|Publication number||US5761718 A|
|Application number||US 08/705,738|
|Publication date||Jun 2, 1998|
|Filing date||Aug 30, 1996|
|Priority date||Aug 30, 1996|
|Publication number||08705738, 705738, US 5761718 A, US 5761718A, US-A-5761718, US5761718 A, US5761718A|
|Inventors||Yung Cheng Lin, Shih Jen Chuang|
|Original Assignee||Silicon Integrated Systems Corp.|
|Export Citation||BiBTeX, EndNote, RefMan|
|Patent Citations (1), Referenced by (13), Classifications (12), Legal Events (5)|
|External Links: USPTO, USPTO Assignment, Espacenet|
The present invention relates to a mechanism of peripheral device data in a computer system, more specifically to a pre-fetching algorithm used in a device controller for accessing the device data in a computer system.
As the CPU of a modern computer system becomes more and more powerful, the performance of a computer system depends greatly on the speed of its peripheral devices. The access of dynamic random access memory (DRAM) is a good example. Due to the popularity of the window based user interface, most modern application software packages require a large amount of memory in the computer system. Many of the Pentium-based computer systems are loaded with more than 16M bytes of DRAMs. When the application software is running in the system, memory access time represents a significant portion of the program execution time. Therefore, reducing the time in accessing DRAM is important in improving the efficiency for a computer system.
In the conventional scheme of accessing DRAM device, during a memory access cycle, the memory controller receives the memory address to be accessed from the memory bus owner and translates the address to locate the memory device where the data will be read from or written to. The computer system often spends a lot of time in waiting to access the DRAM data because of the limitation in the speed of DRAM. Therefore, there is a strong need in designing an efficient memory access scheme for reducing the idle time to improve the performance of the computer system.
One way to improve the speed of DRAM access is to provide a mechanism for pre-fetching memory data and storing them in a high speed buffer such as a first-in-first-out (FIFO) register or a static random access memory device. The memory data for the following memory cycle can then be accessed from the temporary buffer if the desired memory data have been pre-fetched in the high speed buffer. The access time can be greatly reduced. The pre-fetching idea can also be applied to other device controller to increase the efficiency of a computer system.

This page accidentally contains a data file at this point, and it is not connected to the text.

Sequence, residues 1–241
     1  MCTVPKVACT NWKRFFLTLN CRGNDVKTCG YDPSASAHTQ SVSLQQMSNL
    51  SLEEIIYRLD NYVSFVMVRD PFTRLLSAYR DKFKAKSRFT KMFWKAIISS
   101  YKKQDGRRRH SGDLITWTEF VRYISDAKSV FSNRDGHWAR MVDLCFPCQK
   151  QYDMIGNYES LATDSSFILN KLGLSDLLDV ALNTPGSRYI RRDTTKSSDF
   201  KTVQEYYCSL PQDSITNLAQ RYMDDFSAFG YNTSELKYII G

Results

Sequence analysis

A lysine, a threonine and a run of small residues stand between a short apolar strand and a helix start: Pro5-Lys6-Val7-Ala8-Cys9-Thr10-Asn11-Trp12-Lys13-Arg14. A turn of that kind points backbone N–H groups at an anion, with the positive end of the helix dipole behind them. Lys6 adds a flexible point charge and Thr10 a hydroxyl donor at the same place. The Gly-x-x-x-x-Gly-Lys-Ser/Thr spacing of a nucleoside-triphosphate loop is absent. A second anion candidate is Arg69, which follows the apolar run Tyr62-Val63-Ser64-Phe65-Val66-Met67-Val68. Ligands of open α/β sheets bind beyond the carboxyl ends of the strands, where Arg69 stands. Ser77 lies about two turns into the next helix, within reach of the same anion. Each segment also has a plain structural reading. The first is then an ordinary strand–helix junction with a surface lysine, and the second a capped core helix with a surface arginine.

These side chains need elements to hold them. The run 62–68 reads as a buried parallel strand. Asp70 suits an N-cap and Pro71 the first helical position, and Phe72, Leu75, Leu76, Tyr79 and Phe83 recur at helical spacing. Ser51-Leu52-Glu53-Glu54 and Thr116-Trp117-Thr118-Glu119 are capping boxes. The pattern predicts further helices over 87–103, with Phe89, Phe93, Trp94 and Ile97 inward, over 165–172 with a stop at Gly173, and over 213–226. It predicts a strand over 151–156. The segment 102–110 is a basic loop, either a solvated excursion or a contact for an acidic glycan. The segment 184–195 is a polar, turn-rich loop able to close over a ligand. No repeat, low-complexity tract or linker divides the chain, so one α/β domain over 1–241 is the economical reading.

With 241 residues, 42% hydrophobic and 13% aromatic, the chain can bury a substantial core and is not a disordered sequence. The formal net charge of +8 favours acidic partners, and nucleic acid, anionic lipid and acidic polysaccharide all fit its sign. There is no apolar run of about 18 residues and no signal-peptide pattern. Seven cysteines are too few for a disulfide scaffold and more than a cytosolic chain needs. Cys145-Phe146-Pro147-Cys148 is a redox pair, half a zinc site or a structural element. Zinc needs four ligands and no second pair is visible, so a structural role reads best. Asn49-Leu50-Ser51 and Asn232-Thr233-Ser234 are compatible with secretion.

The conventional mechanism of pre-fetching, however, has a drawback in that the pre-fetching of data is implemented blindly without considering the flow of an application program. As an example, the pre-fetching mechanism will allow the system to access memory data with almost no wait state if consecutive memory data are requested in the successive memory reads by the CPU. In general, the program may not access data in a local memory area continually and regularly. The unconditional pre-fetching mechanism often imposes significant penalty to the performance of a computer system.
The present invention has been made to overcome the above-mentioned drawback of a conventional pre-fetching mechanism in a device controller. The primary object of this invention is to provide an algorithm for pre-fetching DRAM data selectively according to the condition of the program flow in order to benefit from the pre-fetching of memory data effectively without imposing penalty. Another object of the invention is to present a conditional data pre-fetching algorithm for other peripheral device controllers in order to improve the overall computer performance.
According to the present invention, several instructions executed in the modern CPU have been found to perform repeated reads to get blocks of data from a local memory area. By examining the behavior of the available CPU signals, one can predict that blocks of data in a local memory area will be accessed repeatedly. Under the right condition, the algorithm of this invention pre-fetches a block of memory data to a high speed buffer. The memory data can therefore be efficiently accessed in the following successive memory read. The conditional data pre-fetching is also applicable to other controller device. The pre-fetching mechanism of the invention is selective as well as conditional and the penalty of unconditional pre-fetching is minimized.
FIG. 1 shows the flow diagram of the algorithm of this invention for pre-fetching DRAM data in a computer system.
The data pre-fetching mechanism of the present invention can be applied generally to many peripheral devices that are frequently accessed by the CPU of a computer system with successive block reads. The disclosure will use the pre-fetching of data from a DRAM device as an example to explain the principle and advantage of the invention.
In today's software application, a program usually includes rich graphical user interface and MPEG-2 application that require intensive access of DRAM data. The computer frequently performs successive memory reads in consecutive cycles while the program is running. As discussed in the background of the invention, the pre-fetching of DRAM data will allow the system to access memory data with almost no wait state if consecutive memory data are requested in the successive memory reads by the CPU.
Because the program instructions are decoded inside the CPU by an instruction decoder, it is not possible to know if the instructions will perform successive memory read or not. Nevertheless, there are signals sent out from the CPU for accessing data and interfacing with supporting circuit while an instruction is executed. For example, in an X86 architecture CPU, typical signals that are available include ADS--, W13 R, D-- C, M-- IO. ADS-- indicates the beginning of a CPU external cycle. W-- R signals a write or read function. D-- C stands for data or code. M-- IO represents a memory access or an input/output (IO) function. Therefore, it is possible to figure out from these signals if the CPU is performing a memory read (MEMR), a memory write (MEMW) or an input/output write (IOW).